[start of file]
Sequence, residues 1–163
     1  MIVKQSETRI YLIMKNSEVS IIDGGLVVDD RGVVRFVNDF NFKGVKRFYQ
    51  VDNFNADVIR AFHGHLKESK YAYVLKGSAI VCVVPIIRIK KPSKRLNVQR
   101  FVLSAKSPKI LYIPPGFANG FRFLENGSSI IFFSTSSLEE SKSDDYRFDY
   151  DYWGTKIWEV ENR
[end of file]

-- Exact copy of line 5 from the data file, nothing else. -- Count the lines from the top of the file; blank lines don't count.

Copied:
   151  DYWGTKIWEV ENR